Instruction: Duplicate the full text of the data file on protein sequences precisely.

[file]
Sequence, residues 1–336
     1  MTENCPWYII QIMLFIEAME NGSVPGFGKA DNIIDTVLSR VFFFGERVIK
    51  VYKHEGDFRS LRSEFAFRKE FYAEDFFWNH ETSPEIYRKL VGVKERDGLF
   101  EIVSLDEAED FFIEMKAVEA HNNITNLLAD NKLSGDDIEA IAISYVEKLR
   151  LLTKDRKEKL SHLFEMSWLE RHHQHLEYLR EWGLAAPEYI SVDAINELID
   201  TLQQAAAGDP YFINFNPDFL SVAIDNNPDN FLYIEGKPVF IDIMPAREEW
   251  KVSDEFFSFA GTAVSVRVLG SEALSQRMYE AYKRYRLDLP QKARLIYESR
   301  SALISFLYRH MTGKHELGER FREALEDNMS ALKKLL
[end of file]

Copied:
Sequence, residues 1–336
     1  MTENCPWYII QIMLFIEAME NGSVPGFGKA DNIIDTVLSR VFFFGERVIK
    51  VYKHEGDFRS LRSEFAFRKE FYAEDFFWNH ETSPEIYRKL VGVKERDGLF
   101  EIVSLDEAED FFIEMKAVEA HNNITNLLAD NKLSGDDIEA IAISYVEKLR
   151  LLTKDRKEKL SHLFEMSWLE RHHQHLEYLR EWGLAAPEYI SVDAINELID
   201  TLQQAAAGDP YFINFNPDFL SVAIDNNPDN FLYIEGKPVF IDIMPAREEW
   251  KVSDEFFSFA GTAVSVRVLG SEALSQRMYE AYKRYRLDLP QKARLIYESR
   301  SALISFLYRH MTGKHELGER FREALEDNMS ALKKLL